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What comes after the energy crisis?

This is not another article about expensive power bills in Europe. That topic has already been tapped. Instead, we want to know: Where do we go from here?

Let’s explore the spectrum of (speculative) scenarios for industries and consumers when it comes to getting and paying for power in the future. From unlikely to likely, here’s country risk expert (and founder of risk mitigation company Corisk) Erlend Bjørtvedt’s take.

Unlikely | Power rationing takes over. Only certain industries will get access. Consumers will have to scale down usage significantly.

“This is an unlikely scenario because rationing would cause enormous harm to the economy with massive losses for Europe’s global competitiveness. I have seen rationing at work in Asia and it is an industry killer. In Europe, market forces are already taking care of scarcity issues when random producers scale down their production through the seasons.”

Somewhat likely | Governments recognize growing costs of power and begin subsidization programs for core industries and consumers

“This is a somewhat likely scenario as the cost issue is already at the core of the EU energy policy agenda. One line of thinking is that climate concerns may contribute to the acceptance of higher energy prices in Europe, as assessed by Germany, Ireland, Denmark, Belgium, and Switzerland in their decision to reject natural gas investments and phase out nuclear power. But their wind and solar alternatives are unstable and will create arbitrary price shifts that complicate voter acceptance and subsidy mechanisms.

“An alternative scenario is an expansion of nuclear and gas applications, as supported by France, Italy, and Eastern Europe. In both of these scenarios, subsidy handouts to consumers will likely persist, but a stand-alone renewable strategy would probably require production subsidies at a level that may be at odds with global trade and climate regulations.”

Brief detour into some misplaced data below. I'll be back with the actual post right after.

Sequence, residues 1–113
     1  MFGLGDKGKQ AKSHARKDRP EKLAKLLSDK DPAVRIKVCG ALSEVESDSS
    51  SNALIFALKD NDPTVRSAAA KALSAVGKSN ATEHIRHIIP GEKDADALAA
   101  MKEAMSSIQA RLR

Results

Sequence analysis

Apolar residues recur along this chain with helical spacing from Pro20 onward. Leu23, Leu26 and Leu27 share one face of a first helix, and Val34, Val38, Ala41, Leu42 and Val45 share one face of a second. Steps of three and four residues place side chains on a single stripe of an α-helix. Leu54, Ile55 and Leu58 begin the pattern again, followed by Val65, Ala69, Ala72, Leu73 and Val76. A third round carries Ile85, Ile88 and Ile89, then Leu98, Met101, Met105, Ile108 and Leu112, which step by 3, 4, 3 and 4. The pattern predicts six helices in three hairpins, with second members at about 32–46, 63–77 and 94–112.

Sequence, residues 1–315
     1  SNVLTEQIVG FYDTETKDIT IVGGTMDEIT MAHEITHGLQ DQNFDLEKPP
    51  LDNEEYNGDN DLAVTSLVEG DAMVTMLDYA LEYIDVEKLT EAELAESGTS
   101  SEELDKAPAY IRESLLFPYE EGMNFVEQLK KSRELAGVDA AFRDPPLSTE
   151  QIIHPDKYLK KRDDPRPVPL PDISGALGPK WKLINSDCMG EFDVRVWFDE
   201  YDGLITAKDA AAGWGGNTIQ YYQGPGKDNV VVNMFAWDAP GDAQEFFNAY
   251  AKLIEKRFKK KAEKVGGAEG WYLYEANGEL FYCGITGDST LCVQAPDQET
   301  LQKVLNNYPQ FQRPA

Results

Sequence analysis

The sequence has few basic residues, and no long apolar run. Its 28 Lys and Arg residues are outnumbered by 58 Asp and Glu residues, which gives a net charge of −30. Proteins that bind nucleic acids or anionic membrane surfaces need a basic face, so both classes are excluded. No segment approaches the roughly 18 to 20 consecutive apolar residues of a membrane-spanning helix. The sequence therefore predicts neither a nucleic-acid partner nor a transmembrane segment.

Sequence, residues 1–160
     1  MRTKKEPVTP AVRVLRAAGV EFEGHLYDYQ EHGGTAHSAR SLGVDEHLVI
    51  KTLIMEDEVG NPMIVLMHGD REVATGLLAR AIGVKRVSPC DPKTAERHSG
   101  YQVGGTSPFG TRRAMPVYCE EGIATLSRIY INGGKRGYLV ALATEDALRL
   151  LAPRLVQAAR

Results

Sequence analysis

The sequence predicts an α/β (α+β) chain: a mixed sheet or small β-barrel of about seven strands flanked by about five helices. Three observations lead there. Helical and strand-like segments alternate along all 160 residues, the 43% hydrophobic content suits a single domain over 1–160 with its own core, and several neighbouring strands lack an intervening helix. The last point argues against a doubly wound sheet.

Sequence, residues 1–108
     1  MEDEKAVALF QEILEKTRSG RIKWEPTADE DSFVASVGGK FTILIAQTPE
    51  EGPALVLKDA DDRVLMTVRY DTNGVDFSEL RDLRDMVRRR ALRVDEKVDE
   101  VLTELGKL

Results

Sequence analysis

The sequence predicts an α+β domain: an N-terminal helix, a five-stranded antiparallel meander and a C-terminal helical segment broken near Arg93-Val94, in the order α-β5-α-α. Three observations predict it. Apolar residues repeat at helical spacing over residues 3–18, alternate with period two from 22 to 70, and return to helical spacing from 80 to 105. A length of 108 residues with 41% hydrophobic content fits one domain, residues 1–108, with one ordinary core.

Very likely | Scaling up nuclear power and more alternative energy sources as governments see no other option to meet demand

“This is a very likely scenario because we already see plans of nuclear expansion in France, Finland, the UK, Hungary, the Czech Republic, and Poland. But nuclear power construction is time-consuming, and the share of nuclear power will decline for at least another decade. 

“When Spain, Denmark, Ireland, and Germany instead turn to renewables, those efforts will be incentivized by rising oil and gas prices, and accelerated renewable investments are therefore highly likely. However, a lasting conflict with Russia will also expand the political and financial scope for nuclear and gas. This may not thwart the funding of renewables short-term, but an enduring conflict with Russia may lead them to compete with nuclear and ‘green’ gas applications for political and financial favor in the longer term.”


Erlend Bjørtvedt’s company Corisk helps Nordic clients understand and manage country risk in demanding markets. He can be contacted at ebb@corisk.no.

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